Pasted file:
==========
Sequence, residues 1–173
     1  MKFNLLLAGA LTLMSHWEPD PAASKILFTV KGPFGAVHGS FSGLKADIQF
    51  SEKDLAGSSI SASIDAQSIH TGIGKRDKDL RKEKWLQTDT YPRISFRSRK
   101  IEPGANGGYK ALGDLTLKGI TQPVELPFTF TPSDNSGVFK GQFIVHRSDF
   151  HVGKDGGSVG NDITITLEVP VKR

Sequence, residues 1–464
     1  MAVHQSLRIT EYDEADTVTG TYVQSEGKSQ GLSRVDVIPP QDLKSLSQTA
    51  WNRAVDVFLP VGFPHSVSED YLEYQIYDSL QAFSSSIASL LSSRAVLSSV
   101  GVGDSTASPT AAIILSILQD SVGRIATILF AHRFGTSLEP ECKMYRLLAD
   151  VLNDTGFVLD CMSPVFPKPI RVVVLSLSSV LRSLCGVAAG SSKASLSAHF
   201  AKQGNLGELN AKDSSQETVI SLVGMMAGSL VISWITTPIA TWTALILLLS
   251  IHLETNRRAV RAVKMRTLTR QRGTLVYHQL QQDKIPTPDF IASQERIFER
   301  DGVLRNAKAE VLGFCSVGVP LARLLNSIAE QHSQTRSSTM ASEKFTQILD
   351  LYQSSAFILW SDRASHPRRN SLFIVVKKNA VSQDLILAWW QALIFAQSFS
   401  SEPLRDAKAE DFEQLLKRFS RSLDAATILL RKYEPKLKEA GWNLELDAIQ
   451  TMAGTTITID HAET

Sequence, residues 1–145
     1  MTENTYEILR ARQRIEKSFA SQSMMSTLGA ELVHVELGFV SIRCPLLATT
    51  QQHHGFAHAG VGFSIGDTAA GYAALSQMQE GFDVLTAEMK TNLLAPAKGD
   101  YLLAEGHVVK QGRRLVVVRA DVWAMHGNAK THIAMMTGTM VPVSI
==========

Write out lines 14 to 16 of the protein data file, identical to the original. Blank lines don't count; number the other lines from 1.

   351  LYQSSAFILW SDRASHPRRN SLFIVVKKNA VSQDLILAWW QALIFAQSFS
   401  SEPLRDAKAE DFEQLLKRFS RSLDAATILL RKYEPKLKEA GWNLELDAIQ
   451  TMAGTTITID HAET